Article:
• Log on to the server using administrative account.
  • Start Command Prompt
  • At the command prompt type set devmgr_show_nonpresent_devices=1
  • In the same command window type Start devmgmt.msc

  • In device manager, select View –> Show hidden devices
  • Expand Network adapters
  • Right click and Uninstall the dimmed network adapter.

  • Close Device Manager and Command window.

You should now be able to assign the IP address to the newly identified network adapter.

Silicon Valley VMware User Group (VMUG) Regional User Conference

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Just returned from Silicon Valley VMware User Group (VMUG) Regional User Conference. It was a fabulous event showcasing products and technologies leading the path to virtualization.

It is not possible and practical to implement all technologies into my datacenter, but knowing the direction of innovation will help in designing comprehensive datacenter strategy and benefit from the new technologies and products available

In addition to server virtualization, storage virtualization, network virtualization, and Virtual Desktop Infrastructure (VDI) were the prevalent product technologies – No surprises here.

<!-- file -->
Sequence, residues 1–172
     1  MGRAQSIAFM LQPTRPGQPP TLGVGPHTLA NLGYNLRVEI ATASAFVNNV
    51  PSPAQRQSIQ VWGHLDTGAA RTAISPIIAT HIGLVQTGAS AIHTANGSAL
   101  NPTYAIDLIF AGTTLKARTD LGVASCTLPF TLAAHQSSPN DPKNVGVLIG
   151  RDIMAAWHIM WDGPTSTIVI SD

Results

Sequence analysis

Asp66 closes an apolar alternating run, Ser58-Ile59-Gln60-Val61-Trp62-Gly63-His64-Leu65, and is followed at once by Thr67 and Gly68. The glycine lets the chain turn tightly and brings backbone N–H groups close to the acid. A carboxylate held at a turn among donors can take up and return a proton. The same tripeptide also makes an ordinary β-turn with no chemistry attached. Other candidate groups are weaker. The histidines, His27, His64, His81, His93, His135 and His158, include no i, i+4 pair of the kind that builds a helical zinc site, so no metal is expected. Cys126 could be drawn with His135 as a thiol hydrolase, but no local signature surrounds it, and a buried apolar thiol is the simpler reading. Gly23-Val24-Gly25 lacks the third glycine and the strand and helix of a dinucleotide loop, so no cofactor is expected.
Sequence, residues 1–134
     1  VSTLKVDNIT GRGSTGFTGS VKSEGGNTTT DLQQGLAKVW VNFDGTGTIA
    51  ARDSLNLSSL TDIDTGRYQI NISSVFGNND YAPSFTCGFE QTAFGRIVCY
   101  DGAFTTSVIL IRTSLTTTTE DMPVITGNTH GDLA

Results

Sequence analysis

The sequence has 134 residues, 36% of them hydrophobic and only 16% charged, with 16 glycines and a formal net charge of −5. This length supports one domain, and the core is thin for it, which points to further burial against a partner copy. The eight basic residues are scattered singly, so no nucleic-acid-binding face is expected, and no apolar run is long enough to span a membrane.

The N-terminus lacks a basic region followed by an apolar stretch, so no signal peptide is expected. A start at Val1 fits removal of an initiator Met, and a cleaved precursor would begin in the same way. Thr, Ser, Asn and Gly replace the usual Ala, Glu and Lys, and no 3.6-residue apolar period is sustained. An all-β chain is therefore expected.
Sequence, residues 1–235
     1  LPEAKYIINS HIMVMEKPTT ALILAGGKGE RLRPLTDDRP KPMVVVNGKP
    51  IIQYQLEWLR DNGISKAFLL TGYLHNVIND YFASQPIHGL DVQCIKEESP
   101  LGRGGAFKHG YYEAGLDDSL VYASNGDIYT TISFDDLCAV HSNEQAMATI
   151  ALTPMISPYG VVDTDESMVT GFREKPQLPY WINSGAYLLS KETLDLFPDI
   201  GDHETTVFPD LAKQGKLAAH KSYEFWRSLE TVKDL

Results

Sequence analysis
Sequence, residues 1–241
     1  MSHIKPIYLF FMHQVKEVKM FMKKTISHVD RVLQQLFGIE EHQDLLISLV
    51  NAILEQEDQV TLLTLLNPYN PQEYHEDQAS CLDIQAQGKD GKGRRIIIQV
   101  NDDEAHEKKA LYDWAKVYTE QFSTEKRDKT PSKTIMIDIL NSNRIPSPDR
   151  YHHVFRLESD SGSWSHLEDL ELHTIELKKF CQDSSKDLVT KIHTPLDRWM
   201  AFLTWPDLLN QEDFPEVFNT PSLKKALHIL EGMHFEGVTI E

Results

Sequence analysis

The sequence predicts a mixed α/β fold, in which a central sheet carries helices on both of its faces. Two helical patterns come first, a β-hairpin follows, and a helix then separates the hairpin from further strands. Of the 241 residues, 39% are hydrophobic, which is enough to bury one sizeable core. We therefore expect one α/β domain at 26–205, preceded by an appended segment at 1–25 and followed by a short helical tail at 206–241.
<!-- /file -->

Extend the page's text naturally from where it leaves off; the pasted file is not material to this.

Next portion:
The presentation of Virtensys I/O virtualization was very impressive and Power-CLI session was superb and provided new resources for scripting and automating VMware administration.

Companies to watch:

In his keynote speech VMware CTO Steve Herrod introduced the term SuperVM – Sounds interesting….

VMware ESX 4.1 Installation, Using NC522SFP 10GB Ethernet Adapter Freezes at 29%.

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While installing VMware on HP DL xxx servers with NC522 SFP 10GB Ethernet adapter, the installation freezes at 29% during the process of loading networking drivers.

Additionally, if you remove the 10GB adapters and install VMware, the installation will crash after you add the 10GB adapters again.

In the earlier days, NC522SFP 10Gbe adapter were not supported by VMware, but with the new version these adapters are supported.

To resolve this issue, you need to install additional drivers when prompted to install additional third party drivers during VMware installation.

These drivers can be downloaded from